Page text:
Little Boy explodes over Hiroshima, Japan, 6 August 1945 (left); Fat Man explodes over Nagasaki, Japan, 9 August 1945 (right). (US Department of Energy)
The Knoxville News-Sentinel headlines. c. August 6, 1945
The Knoxville News-Sentinel headlines. c. August 6, 1945 (US Department of Energy)

The two bombs combined killed more than 100,000 people and leveled the two Japanese cities to the ground.

What happened to the Manhattan Project?

The actual Manhattan Project ended in 1946, but the U.S. was only beginning with nuclear weapons.

Following the end of the war, the United States formed the Atomic Energy Commission to oversee research efforts designed to apply the technologies developed under the Manhattan Project to other fields.

In 1964, then-President Lyndon B. Johnson put an end to the U.S. government’s effective monopoly over nuclear energy by allowing for private ownership over nuclear materials.

Sources: US Department of Energy, History, US Army

Detroit connection to The Manhattan Project

There are a couple of major Detroit connections to The Manhattan Project. One of them had to do with Chrysler.

Here’s some background from the Atomic Heritage Foundation:

A little known Manhattan Project site took place at the Chrysler Corporation in Detroit, Michigan. When the K-25 plant at Oak Ridge, Tennessee was established to produce enriched uranium using the gaseous diffusion process, engineers had to construct thousands of large, cylindrical metal containers, or diffusers, to enclose the barrier material that separated the uranium isotopes. To build the diffusers, Manhattan Project leader General Leslie Groves turned to Chrysler, awarding them a $75 million contract in 1943.

Chrysler established offices at 1525 Woodward Avenue in downtown Detroit to oversee the top-secret “Project X-100.” Requiring more than 500,000 square feet to assemble and plate the diffusers, Chrysler revamped its entire Lynch Road factory in Detroit, which included installing a special air-conditioning and air filtration system to ensure that other materials did not contaminate the nickel.

Chrysler was initially charged with using solid nickel, a metal that uranium hexafluoride does not corrode, for the diffusers at K-25. Despite its relative abundancy, this would have exhausted the entire U.S. nickel supply. As General Kenneth Nichols, District Engineer of the Manhattan Engineer District, recalled, “We would have had to end the project if it had been solid nickel… There was not enough nickel in the world.”

Instead, Chrysler proposed to use thin, electroplated nickel on steel, which would use approximately 1,000 times less nickel. Despite opposition from the Kellex Corporation of the M. W. Kellogg Company, responsible for building K-25, and the Columbia University scientists that had developed gaseous diffusion, Chrysler went ahead and was able to produce corrosion-resistant plating within two months.

Chrysler President K. T. Keller described Chrysler’s task at Lynch Road: “Take the raw cylinders, machine them, plate them, put in the heads, put in the barrier tubes, seal them tight on the ends, put in the end pieces, weld it all together, test it for leaks.” This process employed several thousand workers and required exacting detail, including the precise drilling of some 50 million holes on the end pieces.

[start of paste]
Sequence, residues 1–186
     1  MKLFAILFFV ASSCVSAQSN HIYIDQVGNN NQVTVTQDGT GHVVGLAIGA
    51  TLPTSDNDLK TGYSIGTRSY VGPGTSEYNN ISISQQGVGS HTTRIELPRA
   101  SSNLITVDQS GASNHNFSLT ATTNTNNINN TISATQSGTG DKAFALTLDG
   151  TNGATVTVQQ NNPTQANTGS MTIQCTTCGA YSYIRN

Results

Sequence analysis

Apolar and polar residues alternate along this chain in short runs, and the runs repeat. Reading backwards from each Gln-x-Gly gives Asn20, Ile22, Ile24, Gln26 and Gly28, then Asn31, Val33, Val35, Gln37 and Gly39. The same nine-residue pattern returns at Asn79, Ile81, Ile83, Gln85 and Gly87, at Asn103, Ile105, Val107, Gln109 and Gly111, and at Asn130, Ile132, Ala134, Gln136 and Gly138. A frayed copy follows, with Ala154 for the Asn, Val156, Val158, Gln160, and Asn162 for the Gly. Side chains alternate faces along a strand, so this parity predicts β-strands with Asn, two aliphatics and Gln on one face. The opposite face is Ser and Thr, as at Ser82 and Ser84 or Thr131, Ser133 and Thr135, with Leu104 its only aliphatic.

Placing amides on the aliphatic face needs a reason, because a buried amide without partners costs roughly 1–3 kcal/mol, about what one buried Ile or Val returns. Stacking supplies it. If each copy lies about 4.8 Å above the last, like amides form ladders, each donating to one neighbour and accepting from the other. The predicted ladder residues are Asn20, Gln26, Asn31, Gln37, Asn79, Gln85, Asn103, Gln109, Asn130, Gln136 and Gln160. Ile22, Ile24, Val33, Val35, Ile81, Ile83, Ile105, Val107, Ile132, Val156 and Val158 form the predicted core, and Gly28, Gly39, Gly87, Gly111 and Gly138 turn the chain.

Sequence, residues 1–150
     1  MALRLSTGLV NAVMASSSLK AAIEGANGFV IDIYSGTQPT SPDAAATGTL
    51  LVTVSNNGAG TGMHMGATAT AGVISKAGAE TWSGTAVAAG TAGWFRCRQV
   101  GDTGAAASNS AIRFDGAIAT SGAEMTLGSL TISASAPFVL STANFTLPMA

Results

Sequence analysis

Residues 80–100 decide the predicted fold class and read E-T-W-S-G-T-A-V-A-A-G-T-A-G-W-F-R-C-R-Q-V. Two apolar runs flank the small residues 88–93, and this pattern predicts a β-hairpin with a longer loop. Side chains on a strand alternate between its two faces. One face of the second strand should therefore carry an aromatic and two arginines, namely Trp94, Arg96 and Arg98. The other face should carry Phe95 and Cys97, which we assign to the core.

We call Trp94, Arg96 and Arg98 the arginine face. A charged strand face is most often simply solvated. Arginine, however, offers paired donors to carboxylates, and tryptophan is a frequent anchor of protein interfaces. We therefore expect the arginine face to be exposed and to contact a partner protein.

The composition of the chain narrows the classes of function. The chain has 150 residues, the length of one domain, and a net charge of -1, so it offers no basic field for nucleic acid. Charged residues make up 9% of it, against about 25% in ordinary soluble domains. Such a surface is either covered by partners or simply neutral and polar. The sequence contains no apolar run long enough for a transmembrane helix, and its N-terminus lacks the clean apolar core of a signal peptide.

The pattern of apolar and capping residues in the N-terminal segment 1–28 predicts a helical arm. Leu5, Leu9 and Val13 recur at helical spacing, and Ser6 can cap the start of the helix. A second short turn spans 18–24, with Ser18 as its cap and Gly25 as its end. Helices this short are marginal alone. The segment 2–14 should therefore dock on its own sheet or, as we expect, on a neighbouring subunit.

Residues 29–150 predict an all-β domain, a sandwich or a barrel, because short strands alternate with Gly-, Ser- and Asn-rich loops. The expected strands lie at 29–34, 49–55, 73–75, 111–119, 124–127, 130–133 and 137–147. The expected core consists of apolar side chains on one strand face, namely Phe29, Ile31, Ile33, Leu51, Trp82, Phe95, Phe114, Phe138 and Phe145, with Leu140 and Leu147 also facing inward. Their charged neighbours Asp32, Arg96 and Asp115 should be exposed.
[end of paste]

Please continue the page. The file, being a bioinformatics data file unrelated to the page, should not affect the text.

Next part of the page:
By the end of the war, the company had delivered a thousand carloads, and more than 3,500 diffusers, to Oak Ridge. These diffusers would successfully operate at K-25 until the 1980s. In a letter of thanks to President Keller, General Groves asserted, “No one outside the K-25 portion of the project can ever know how much we depended on you and how well you performed. Those of us who do know will never forget how important your work was and how well you did it.”

Detroit River and uranium

The other is something you may have seen in the news lately -- the Canadian side.

Canada played an important role in the Manhattan Project, especially during the early stages of research and development. Canada was also crucial for another reason: its Northwest Territories provided a rich source of raw uranium needed to produce the bomb’s critical mass.

Revere Copper, which was located along the Detroit River, east of Historic Fort Wayne, was a subcontractor for The Manhattan Project, constructing uranium rods that were used in bomb development.

The plant was closed in 1984 and eventually torn down in 1989. The site was recently leased by Detroit Bulk Storage.

In November 2019, the property’s shoreline collapsed into the Detroit River. The site contained stored uranium and thorium within the soil.

GF Default - Meeting addresses Uranium-tainted site
GF Default - Meeting addresses Uranium-tainted site

The Wall Street Journal listed the Revere Copper site as one of America’s forgotten nuclear legacy “waste lands.” It referenced a 2011 study by the U.S. National Institute for Occupational Safety and Health of the property which concluded the “potential exists for significant residual radiation.”

Environmental concerns persist as the EPA and state of Michigan continue to clean up the spill and monitor potential impacts.

Local 4′s Karen Drew has been covering this story in-depth since it happened. Catch up on stories here.